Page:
Falcongate: Basil speaks out

NATIONAL Planning and Monitoring Minister Sam Basil – who was also on board the Falcon passenger jet with Malaysian oil palm investors during the recent controversy referred to as “Falcongate” – has denied money laundering claims.
Falcongate: Basil speaks out Falcongate: Basil speaks out Falcongate: Basil speaks out Falcongate: Basil speaks out Falcongate: Basil speaks out

This follows a recent "categorical" denial by Deputy Prime Minister Belden Namah, who was on board the Falcon when it was intercepted by Indonesian military jets over Indonesian air space on November 29.

Namah has ridiculed claims the Falcon - which is traditionally deployed for diplomatic use by PNG government ministers and officials - could possibly fit $US250 million of cash on board.

In a statement, Basil said the money laundering claims were a red herring.

"I am urging Papua New Guineans not to be swayed by malicious and untrue suggestions that the Falcon jet was carrying $US250 million," Basil said.

"I was there because the trip offered insights into oil palm project management which is useful in the light of the Tekadu oil palm project in my Bulolo electorate as well as the Markham Valley oil palm project in Morobe generally - not to mention that as National Planning and Monitoring Minister I would sooner or later have to deal with oil palm-related issues.

"As a commercial chartered aircraft, all of us were subject to the rigorous checks required under customs, immigration and civil aviation laws of the various countries where we landed.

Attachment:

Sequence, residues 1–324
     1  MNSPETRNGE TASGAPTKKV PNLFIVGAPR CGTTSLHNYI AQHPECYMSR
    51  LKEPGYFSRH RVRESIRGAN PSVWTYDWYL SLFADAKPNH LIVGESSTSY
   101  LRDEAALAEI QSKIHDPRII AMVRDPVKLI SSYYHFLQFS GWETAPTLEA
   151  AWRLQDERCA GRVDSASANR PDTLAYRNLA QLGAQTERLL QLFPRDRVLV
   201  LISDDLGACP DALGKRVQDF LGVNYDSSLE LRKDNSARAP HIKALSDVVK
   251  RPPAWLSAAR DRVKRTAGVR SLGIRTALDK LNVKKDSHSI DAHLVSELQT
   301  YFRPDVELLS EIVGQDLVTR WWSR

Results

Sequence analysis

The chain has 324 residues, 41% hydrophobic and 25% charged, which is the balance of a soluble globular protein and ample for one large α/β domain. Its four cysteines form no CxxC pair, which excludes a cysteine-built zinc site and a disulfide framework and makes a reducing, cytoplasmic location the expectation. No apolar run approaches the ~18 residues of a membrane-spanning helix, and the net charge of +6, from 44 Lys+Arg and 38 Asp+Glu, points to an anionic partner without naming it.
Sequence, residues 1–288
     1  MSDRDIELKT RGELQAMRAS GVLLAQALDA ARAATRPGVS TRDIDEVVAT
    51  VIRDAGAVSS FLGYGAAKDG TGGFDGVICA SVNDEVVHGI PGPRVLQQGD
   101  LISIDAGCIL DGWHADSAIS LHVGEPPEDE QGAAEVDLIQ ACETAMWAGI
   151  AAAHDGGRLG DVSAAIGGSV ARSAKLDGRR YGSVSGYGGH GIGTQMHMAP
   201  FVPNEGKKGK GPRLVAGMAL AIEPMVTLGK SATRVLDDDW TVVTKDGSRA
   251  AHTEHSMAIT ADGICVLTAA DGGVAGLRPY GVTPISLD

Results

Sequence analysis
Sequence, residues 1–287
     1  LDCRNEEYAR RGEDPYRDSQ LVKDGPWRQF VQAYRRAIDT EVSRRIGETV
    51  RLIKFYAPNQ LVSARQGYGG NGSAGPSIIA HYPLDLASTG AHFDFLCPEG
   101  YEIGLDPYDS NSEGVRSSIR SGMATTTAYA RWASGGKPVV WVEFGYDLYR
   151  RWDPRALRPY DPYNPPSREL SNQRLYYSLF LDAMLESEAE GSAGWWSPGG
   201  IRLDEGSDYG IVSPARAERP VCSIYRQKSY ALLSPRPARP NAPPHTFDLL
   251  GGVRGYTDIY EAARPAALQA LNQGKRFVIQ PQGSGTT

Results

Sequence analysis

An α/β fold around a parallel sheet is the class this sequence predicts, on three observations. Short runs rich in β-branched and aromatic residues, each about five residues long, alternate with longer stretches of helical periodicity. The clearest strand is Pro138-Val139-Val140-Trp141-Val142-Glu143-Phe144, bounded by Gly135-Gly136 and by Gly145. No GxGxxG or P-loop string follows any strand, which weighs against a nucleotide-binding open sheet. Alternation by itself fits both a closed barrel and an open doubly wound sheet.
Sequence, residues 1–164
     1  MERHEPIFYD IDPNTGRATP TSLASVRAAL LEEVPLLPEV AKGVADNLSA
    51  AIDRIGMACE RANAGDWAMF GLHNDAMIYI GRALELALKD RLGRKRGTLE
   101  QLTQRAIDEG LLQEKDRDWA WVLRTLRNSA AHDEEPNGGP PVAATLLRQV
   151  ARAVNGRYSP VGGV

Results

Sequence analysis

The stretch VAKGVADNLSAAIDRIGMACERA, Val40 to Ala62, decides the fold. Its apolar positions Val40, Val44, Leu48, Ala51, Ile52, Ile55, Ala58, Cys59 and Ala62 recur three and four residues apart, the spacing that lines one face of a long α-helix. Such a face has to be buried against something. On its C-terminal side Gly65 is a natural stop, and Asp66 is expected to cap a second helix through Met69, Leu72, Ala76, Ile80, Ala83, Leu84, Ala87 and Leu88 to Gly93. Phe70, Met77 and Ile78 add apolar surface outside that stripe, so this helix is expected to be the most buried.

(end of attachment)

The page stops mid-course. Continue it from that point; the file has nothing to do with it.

"That includes declaration if any one of us was carrying more than the equivalent of K10,000 in cash which we all complied with."

The Indonesian government has officially blamed the interception of the Falcon on lacking flight schedule approval.

But Basil is on the same page as Namah and believes the air incident was an act of intimidation.

"No nation, however large or small, however rich or poor, however large or small its army, should be allowed to intimidate, coerce, manipulate and dominate another," he said.

"That is one of the pillars that hold up the United Nations and the basis upon which Deputy Prime Minister Belden Namah raised the issue on the November 29, 2011 incident."

According to a post in PNGblogs.com, a photograph exists of the Falcon landing "with a bag of money".

Two sources aligned to the camp led by Sir Michael Somare have both indicated to PNGIndustryNews.net that photographs were taken of metal containers or trunks being carried out of the Falcon when it landed in Port Moresby with Namah, Basil and the oil palm investors.

A major PNG newspaper was "too frightened" to publish them according to one of these sources.

But PNGIndustryNews.net has not received any of the images or any other hard evidence to support these claims.

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